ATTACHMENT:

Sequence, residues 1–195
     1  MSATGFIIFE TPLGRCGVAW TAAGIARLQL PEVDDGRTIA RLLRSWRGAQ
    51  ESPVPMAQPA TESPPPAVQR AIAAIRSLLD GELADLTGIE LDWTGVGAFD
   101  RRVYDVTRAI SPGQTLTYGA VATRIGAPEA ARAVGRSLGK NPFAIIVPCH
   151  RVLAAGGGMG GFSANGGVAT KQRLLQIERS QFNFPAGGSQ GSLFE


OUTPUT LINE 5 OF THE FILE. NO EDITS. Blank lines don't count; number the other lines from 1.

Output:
   151  RVLAAGGGMG GFSANGGVAT KQRLLQIERS QFNFPAGGSQ GSLFE